Don’t mind me – I’m just warming up my blogging muscles - such as they are.
I’m not the sort of person who deliberately catalogues what I read in any particular way. It’s more that the vast and growing-ever-more-mountainous-yet accretion of books in my room has a life (and a structure) of it's own. Regarding the first, flatmates have speculated on the leporine breeding habits of the common or garden liber fictionalis (sic[k] - and sorry to any latinists). At least in such close quarters. And doesn't all the noise keep me awake at nights?
But as regards the second, on the Great Paperback Mountain, if you know how to read the topology, patterns emerge... Duly extracted from the third pile of paperbacks in from the left (spines out) at the back on the top shelf of the Bower of Bliss that is my incarnation of A Well-Known-Swedish-Modular-Furniture-Flatpak-Company's birch-effect "Mötesplats"* model I offer for consideration Laurie R. King’s "Mary Russell" series.
Except anything that follows is going to be crap, because whenever I try to explain my adoration for this series, I am woefully ineloquent. I end up talking like this, “They're really, really good. Promise. Seriously. They're soooo goooood. Wait - please don’t read the back cover. It's much better than that, really. You’ll like it. You might love it. Please stop reading the back cover. It's not like that. I promise. Well, okay a little. Yes, it is Sherlock Holmes and yes, he is married. I've just made that sound really weird. But it’s not. Well, okay, he is a lot older than her, but I just sort of channel Sean Connery and it helps. But it's like all about their meeting of minds...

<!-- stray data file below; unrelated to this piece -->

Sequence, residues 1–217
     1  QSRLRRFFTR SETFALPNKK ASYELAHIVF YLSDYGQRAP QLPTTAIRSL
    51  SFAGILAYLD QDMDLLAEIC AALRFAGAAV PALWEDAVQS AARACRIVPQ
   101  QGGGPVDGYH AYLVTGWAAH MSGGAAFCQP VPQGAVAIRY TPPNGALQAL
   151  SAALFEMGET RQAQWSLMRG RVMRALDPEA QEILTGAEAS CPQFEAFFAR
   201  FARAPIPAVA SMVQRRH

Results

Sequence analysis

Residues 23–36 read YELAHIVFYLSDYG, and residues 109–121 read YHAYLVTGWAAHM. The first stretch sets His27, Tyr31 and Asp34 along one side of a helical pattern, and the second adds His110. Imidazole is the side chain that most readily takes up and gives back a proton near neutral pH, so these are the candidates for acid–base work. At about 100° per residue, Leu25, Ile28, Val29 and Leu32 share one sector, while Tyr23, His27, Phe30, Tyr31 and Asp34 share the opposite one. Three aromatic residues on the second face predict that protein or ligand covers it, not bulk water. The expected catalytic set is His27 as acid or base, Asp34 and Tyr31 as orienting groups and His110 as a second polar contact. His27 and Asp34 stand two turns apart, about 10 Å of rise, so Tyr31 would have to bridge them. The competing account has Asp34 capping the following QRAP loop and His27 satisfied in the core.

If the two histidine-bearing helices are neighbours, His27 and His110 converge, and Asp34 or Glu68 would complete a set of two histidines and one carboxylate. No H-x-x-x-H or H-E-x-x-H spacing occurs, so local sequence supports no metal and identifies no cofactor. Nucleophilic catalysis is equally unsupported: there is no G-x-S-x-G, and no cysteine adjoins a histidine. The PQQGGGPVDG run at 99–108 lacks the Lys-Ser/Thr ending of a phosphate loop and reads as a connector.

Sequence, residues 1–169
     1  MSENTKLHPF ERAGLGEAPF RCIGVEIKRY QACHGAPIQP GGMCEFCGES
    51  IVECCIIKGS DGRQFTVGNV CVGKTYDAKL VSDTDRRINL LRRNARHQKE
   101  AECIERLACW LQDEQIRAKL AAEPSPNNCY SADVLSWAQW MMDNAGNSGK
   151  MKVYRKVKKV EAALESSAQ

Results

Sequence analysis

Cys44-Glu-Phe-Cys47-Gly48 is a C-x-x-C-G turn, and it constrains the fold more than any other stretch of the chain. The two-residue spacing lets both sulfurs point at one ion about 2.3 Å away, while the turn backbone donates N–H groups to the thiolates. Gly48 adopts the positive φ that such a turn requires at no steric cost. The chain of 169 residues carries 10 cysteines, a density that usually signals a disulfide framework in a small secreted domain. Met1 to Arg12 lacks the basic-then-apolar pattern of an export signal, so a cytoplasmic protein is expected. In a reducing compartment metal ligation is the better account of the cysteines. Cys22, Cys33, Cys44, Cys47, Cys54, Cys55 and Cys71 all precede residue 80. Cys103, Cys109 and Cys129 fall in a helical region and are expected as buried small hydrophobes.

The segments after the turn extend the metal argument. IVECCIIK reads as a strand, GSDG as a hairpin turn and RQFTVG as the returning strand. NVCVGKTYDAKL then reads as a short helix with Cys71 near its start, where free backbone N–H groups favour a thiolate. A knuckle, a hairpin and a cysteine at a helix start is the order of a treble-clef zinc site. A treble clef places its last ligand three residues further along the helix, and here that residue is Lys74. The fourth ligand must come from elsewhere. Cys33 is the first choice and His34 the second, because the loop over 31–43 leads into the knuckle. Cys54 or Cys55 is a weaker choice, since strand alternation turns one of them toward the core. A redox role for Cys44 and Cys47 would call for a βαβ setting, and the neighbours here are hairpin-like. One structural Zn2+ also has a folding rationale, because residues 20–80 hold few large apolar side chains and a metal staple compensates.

"Wait, wait a sec before you put it down. Please? Yes, that one has Kipling’s Kim in it. But he’s a great character she really makes him her own. Anyhow, they're all sort of inter-textual and each book is like a homage to these classic genres of popular fiction. You know the Gothic mystery, and the Locked Room mystery… And they’re really cool, because she’s a feminist, and there are these ideas about the outsider the observer and how she makes her own place, because she’s half English and half American and Jewish. And she’s a theologian. So she questions everything and doesn't accept the way society would try to limit her. Oh. Okay. Not really your thing. Try this Meg Cabot. A cheerleader has her head chopped off and put in a saucepan.”
But secretly? Secretly, I want to be Mary Russell when I grow up. Just like I want to be Harriet Vane when I grow up. Not for the events or the mysteries or the men in their lives, but for the thoughtful and even (ungrammatically) thinking way they live their lives.
Actually, I owe a huge thank you to Marianne McA who recommended this series to me, and hooked me by way of an extract from the first of the books, The Beekeeper’s Apprentice. I can do no more, it seems. Alas. So don’t pay attention to my witterings – go read the extract.
*(koff) not a the name of the real product - their word means "shop assistant". This word doesn't and I like it better.
Edited to update links. My bad. Thanks Suisan for spotting this.